Blyth’s invention marked the dawn of wind turbine development. Close on its heels was a turbine built by American inventor Charles Brush in 1888. That 12-kW turbine featured 144 blades made of cedar, each with a rotating diameter of 17 meters (m) (Fig. 1). Then came the work of Danish scientist Poul la Cour in the 1890s, which spawned about 2,500 turbines in Denmark by 1900, with an estimated combined peak power capacity of 30 MW. La Cour’s wind turbines produced hydrogen as well as power.

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Fig. 1. The Brush. American inventor Charles Brush in 1888 built one of the first wind power turbines. Source: Wikimedia Commons

Wind-powered turbines were installed by the millions around the world thereafter, particularly in the American Midwest, where between 1850 and 1900 they were used to power irrigation pumps.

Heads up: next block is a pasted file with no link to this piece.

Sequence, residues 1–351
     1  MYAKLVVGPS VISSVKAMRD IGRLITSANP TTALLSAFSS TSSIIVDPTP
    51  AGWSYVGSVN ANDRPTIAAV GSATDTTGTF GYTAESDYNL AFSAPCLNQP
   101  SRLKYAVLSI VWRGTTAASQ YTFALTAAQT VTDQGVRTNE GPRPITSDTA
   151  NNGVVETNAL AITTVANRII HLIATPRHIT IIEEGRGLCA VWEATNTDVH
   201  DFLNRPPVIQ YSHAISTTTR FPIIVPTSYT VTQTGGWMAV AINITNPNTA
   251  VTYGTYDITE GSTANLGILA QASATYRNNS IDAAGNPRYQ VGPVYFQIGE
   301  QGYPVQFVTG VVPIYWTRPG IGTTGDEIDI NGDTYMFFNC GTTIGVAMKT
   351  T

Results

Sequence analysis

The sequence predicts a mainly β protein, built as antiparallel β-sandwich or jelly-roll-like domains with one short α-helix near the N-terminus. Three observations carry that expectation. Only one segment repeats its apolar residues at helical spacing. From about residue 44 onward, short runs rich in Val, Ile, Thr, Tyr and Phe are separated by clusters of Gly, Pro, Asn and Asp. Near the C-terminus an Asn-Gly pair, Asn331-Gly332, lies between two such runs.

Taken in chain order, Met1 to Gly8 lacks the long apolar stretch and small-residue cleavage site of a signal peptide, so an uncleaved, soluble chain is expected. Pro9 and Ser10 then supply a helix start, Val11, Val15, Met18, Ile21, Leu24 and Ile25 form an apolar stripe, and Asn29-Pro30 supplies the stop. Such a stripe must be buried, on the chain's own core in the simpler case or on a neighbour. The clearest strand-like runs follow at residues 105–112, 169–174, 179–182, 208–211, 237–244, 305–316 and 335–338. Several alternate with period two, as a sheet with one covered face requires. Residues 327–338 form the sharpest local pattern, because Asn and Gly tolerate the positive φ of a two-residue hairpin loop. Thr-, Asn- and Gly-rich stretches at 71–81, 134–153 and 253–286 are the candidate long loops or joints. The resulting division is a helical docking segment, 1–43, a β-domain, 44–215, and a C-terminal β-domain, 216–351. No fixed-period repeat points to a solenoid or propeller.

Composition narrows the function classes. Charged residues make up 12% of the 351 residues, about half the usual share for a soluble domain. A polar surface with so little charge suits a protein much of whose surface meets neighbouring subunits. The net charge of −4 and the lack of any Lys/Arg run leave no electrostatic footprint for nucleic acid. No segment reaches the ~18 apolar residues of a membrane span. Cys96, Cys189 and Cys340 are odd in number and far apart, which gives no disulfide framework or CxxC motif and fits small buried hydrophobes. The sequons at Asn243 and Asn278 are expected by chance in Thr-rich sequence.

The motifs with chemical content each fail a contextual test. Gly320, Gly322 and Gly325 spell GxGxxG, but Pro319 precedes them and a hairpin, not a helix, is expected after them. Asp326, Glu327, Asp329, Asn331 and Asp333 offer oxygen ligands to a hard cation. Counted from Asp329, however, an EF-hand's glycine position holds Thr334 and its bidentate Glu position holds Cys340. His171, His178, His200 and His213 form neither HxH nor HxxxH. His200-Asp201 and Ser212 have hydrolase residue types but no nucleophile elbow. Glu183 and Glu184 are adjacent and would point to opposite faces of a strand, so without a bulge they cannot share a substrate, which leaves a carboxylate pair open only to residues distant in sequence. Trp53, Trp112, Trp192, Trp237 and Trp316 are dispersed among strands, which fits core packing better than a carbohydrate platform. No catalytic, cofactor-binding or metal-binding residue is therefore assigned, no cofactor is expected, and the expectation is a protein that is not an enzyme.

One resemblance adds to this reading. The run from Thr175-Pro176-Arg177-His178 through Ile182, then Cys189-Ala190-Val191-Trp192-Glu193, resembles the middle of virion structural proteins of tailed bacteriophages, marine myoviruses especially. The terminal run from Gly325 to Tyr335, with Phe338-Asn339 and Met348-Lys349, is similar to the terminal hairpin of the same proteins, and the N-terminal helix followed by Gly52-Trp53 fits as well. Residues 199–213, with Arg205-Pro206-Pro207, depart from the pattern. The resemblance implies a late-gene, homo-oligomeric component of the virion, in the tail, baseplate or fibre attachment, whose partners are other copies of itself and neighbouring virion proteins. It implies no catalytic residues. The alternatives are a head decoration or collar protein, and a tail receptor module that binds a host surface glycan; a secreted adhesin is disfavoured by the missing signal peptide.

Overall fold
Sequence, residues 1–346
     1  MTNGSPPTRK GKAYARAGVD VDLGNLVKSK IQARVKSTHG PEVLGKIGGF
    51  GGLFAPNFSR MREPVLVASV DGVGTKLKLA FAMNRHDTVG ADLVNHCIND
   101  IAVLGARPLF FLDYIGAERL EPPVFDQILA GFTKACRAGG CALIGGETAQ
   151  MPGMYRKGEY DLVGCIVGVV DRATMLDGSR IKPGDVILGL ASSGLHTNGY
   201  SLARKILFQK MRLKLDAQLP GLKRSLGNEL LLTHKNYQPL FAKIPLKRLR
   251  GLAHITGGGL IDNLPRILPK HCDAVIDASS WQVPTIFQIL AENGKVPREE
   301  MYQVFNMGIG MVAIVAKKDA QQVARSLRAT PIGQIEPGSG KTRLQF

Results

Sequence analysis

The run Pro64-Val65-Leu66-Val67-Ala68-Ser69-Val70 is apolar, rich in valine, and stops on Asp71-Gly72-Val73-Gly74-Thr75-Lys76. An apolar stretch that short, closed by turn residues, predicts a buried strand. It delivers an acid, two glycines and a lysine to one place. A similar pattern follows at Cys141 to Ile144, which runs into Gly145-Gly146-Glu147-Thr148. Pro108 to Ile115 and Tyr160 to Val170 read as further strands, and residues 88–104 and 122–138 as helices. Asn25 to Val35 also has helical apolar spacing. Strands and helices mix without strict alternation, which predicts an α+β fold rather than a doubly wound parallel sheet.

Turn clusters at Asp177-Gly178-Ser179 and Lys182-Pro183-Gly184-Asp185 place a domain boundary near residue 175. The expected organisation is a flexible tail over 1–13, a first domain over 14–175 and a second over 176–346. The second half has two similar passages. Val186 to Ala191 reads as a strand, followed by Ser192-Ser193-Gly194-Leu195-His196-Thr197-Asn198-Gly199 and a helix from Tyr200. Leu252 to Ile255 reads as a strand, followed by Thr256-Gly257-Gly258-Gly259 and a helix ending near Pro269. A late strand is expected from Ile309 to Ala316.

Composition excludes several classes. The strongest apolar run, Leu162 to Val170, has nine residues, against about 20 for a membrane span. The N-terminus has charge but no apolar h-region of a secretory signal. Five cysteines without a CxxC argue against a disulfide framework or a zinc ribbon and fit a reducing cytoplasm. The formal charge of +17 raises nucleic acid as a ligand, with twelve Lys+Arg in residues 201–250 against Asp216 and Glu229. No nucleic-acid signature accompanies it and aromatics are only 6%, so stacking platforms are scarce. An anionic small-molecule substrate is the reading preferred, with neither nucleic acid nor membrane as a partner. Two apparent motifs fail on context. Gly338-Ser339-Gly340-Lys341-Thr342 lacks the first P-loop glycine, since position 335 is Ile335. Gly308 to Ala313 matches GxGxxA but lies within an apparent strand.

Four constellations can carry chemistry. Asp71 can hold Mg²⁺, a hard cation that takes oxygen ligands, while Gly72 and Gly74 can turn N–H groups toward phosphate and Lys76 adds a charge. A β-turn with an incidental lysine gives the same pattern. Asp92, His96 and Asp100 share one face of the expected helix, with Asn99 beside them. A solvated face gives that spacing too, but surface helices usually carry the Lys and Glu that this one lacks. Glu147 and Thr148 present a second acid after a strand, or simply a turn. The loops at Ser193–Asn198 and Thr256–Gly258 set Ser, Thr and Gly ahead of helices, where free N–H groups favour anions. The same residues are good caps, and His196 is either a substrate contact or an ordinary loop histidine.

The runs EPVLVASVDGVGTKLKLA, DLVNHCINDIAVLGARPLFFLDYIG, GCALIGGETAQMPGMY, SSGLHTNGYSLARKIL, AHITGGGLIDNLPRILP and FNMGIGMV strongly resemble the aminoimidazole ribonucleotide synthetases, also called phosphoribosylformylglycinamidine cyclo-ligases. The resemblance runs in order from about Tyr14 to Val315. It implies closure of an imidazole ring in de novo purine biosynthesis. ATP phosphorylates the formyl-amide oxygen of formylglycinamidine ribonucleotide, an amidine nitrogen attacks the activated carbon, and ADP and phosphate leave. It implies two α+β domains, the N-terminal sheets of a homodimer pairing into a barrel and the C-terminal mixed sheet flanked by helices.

By 1931 the first forerunner of the modern horizontal-axis wind generators was put into service at Yalta, in Russia. It was a 100-kW generator on a 30-meter-high tower that featured a load factor of 32%.

The First Modern Wind Turbine: 1941

In 1941, the world’s first grid-connected turbine (1.25-MW ) was built at Grandpa’s Knob in Castleton, Vt. [Read more →]

May 10, 2011   2 Comments

Wind Energy is Ancient (the infant industry argument for subsidies does not apply)

 The use of wind power is as old as history.”